DA’s new HIV clanger
A SENIOR DA politician has become the latest member of his party to become embroiled in a battle with medical experts and NGOs after questioning why people in SA should not be tested for HIV/Aids without their consent.
Jack Bloom, the DA’s spokesman for health in Gauteng, said the government’s approach to HIV testing – which involved getting people’s consent and testing with their knowledge – had allowed people’s rights to privacy to take precedence over the right to life.
He also suggested the only way to stop the spread of the HI virus was to encourage people to be faithful to their partners, rather than focusing on condom use.
The DA’s statements on, and apparent attitudes, to HIV/Aids have sparked several controversies in recent weeks.
Party leader Helen Zille was roundly slammed by legal experts and clinicians for suggesting men who have multiple sexual partners and refuse to use condoms be charged with attempted murder.
Then, in her capacity as Western Cape Premier, Zille unveiled a competition with cash prizes for people who visited testing centres and were tested for HIV/Aids during the 16 Days of Activism.
This earned her huge criticism, as well as a great deal of praise, but it was her comments on the “Aids Gestapo” – organisations working on HIV/Aids matters – that really infuriated experts.
Now Bloom is in the firing line.
While he did not openly call for a change in testing policy, this week Bloom repeatedly questioned why HIV/Aids was treated differently from other diseases in that testing for it required a patient’s consent.
“We started off on the wrong foot with Aids right from the start because of ‘progressives’ who decided that, unlike any other diseases, informed consent was needed before diagnostic testing,” he said.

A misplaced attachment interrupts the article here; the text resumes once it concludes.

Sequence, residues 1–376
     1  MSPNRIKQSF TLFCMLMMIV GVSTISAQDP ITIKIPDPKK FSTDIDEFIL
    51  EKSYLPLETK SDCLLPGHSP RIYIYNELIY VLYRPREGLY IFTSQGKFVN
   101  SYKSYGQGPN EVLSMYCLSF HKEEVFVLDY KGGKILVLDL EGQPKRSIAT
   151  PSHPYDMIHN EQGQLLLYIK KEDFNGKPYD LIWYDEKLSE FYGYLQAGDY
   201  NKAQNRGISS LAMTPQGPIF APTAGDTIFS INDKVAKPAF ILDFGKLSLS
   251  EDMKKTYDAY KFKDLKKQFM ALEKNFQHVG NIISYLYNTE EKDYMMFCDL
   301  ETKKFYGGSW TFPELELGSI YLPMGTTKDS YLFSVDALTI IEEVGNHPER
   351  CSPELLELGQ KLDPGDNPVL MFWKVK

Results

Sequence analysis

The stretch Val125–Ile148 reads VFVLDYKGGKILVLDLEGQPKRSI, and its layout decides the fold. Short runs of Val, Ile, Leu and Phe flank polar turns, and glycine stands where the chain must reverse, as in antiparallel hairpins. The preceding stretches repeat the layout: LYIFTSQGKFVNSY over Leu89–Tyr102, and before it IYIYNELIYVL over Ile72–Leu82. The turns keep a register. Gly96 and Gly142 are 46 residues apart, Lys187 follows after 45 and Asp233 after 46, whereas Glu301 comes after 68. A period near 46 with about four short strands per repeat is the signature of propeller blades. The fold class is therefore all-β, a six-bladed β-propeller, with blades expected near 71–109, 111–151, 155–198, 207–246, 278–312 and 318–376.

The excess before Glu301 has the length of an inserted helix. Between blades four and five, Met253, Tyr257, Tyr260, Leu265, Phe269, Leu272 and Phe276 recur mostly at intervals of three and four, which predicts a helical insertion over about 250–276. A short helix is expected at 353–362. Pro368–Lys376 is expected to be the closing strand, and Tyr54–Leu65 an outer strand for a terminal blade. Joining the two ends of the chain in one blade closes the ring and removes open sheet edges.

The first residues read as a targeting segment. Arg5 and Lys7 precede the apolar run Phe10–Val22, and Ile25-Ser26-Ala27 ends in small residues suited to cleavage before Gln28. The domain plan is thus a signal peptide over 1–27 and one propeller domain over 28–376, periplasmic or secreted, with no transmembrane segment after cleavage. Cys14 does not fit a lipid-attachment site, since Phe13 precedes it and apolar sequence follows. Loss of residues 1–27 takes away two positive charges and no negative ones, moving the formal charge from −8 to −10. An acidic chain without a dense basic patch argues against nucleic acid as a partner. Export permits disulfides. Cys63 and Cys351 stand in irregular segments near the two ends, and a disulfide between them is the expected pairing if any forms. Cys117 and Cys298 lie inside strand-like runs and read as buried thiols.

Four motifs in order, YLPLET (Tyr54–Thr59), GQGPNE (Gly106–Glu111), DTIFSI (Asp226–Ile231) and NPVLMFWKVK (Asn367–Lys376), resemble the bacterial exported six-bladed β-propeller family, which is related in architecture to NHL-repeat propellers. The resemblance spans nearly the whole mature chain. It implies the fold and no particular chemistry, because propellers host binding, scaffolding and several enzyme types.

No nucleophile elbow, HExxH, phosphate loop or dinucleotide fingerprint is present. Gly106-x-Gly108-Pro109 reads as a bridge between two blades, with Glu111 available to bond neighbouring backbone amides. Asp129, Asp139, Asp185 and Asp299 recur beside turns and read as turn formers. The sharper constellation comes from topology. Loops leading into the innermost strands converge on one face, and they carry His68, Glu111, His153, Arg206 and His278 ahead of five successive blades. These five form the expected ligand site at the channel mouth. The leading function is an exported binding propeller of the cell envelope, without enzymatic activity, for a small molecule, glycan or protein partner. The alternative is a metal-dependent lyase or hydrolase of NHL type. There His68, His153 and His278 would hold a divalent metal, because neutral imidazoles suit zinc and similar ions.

“So if a doctor suspected that a patient had HIV he couldn’t go ahead and test as he would do for any other life-threatening disease.”
His comments have drawn the ire of health experts and activists, although many prominent organisations and clinicians, including the Treatment Action Campaign, have refused to comment, saying his remarks are not worth their time.
Yesterday Bloom downplayed his comments on informed consent in testing, but did not retract them or offer more details on his attitude.
Instead, he took aim at the government’s “condomise” message, saying that although Health Minister Aaron Motsoaledi was encouraging people to be faithful, this message was being overpowered by the department’s focus on condoms.
“First, unless it is to prevent pregnancy, condoms inevitably indicate distrust that one partner is not faithful. Second, condoms can give a false sense of security and encourage more partners, and they are often used inconsistently, particularly when alcohol is involved.”
He said he was not discouraging condom use, but that more emphasis should be placed on faithfulness.
Mark Heywood, the director of Section 27, formerly the Aids Law Project, said Bloom’s remarks were irresponsible and unfortunate.
Bloom’s statement “reveals his ignorance on fundamental issues around HIV. He talks about HIV testing being treated differently from other diseases, but what he doesn’t seem to realise is that HIV/Aids is a very profound disease that is life-changing, hence it’s important that it’s done differently from others. Proper consent for HIV testing is therefore very important...”
Dean Peacock, executive director of the Sonke Gender and Justice Network, said Bloom
“is attempting to portray himself as a health expert, which he is not. He is also being ignorant of the reality... to moralise the issue of sexual choices is just ignorant. You can’t assume that people are involved in long-term relationships because many people aren’t. You can’t preach to people on how to make their sexual choices... it is their prerogative. All we need do in this country is to ensure that people are having safe sex and that they have access to resources such as condoms to protect themselves from infection”.
Heywood also criticised Bloom for suggesting more money should be used to build hospitals, schools and roads instead of being spent on HIV.
“If we don’t (spend) money on the treatment of HIV we can be guaranteed that our hospitals will be overflowing. You can’t just push the issue of HIV and invest all the money on roads and building schools. Who will go to those schools if people are dying? You can’t treat HIV as a stand-alone issue,” he said.